2. The country has about 3 telephone lines per 1,000 people and a high disparity of lines per capita between rural, urban areas and towns. Most lines were manual and old until the recent modernisation/ expansion programmes and entry of private operators. These developments enabled most districts and some rural areas to link via electronic batch processing and digital telecommunication –-all centres with over 80% of the existing banking business are within reach of a modern backbone network. The government owned telecommunication operator that dominates this sector expects to be privatised in 1998. Depending on various factors, a minute’s call costs between USD 3 and 48 cents (local) and between USD 1.60 and 3.60 (international) –mobile phone tariffs are higher. 3. Freight and passenger road transport is the most used form of mobility in the country though only about 10,300km of trunk roads and 25,000km regional roads are all weather. Most regional centres are within 1000km of the commercial capital (Dar es Salaam) and all regional and the major district centres are linked and can be covered in 12 hours on most of these roads. Most roads need rehabilitation (already underway), particularly the rural and remote district roads that are inaccessible during rain seasons. 4. Small private operators and a dominant government airline cover air transport between most major trade centres though most airports are under-utilised. There are also plans to privatise the government owned airline. 5. Two railway networks exist. Most of the main (TRC) network has 2,605km lines of single track. They are over 70 years old and lack locomotives and freight handling facilities making it unreliable and slow. There are now plans to improve it. TAZARA is the other network –it has a reliable 975km line connecting Dar to land locked Zambia but is now faced with problems due to economic decline of both Tanzania and Zambia and increased competition. 6. Small sea transport private operators serve the coastal towns and islands. Inland water transport on the lakes is also inadequate (Victoria, Tanganyika and Nyasa). It is only recently that private operators have been encouraged but these services need improvement particularly on reliability. 7. The state owned postal service transfers mail and postal financial instruments (money /postal orders and money fax) dominates this sector. There are seven other couriers private companies concentrating on international rather than domestic services. Few have contracts with banks to transport payment items.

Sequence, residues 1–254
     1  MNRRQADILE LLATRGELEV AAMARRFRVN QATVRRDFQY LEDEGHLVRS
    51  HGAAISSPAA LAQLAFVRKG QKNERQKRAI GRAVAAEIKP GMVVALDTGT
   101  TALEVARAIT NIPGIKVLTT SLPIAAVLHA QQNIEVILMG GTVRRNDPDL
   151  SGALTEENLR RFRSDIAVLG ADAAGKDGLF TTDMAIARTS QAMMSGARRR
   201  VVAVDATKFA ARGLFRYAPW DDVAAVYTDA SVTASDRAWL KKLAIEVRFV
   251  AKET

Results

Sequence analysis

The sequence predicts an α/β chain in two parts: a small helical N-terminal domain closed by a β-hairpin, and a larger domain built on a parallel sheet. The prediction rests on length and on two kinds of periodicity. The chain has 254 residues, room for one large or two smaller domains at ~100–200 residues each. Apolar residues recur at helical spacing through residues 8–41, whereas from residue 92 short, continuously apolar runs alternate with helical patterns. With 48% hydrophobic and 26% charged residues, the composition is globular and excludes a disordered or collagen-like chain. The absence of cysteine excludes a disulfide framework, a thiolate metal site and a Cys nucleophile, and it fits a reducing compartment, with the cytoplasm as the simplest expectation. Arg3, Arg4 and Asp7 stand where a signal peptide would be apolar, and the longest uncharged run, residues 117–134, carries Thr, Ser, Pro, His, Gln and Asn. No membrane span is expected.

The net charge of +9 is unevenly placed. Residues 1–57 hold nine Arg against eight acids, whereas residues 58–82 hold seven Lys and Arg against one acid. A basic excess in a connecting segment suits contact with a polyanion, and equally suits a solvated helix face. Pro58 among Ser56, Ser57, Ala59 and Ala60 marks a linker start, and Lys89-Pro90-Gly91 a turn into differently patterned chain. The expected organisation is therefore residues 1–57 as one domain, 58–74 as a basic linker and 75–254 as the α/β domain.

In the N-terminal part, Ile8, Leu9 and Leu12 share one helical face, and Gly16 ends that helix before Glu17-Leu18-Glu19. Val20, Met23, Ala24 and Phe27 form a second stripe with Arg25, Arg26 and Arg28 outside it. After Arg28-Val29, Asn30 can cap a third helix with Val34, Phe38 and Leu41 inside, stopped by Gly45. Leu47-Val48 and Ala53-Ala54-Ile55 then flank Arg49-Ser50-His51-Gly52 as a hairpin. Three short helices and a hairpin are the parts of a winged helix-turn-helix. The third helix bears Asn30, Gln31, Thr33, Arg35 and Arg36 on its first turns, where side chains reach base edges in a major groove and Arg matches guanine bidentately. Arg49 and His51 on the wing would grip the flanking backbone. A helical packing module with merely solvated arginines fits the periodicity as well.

The biggest bank (NBC) has its own internal courier service. Key payment problems related to poor infrastructure have been identified as: Excessive delays leading to costly floats, payment risks exposure, extra standby system costs, customers inconvenience and loss of confidence and trust. Fraud –using the delays to defraud banks and customers (e.g. Government). Excess Bureaucracy and controls as banks set extra checks to mitigate and control potential frauds –adding costs, over cover and operational problems. The report concludes that the infrastructure needs further development. Nonetheless, despite this many banks already use computer processing and some VSAT, leased lines or dial up telecommunication systems. This shows readiness to move towards modern payment systems. A. Legal-Regulatory Support Structure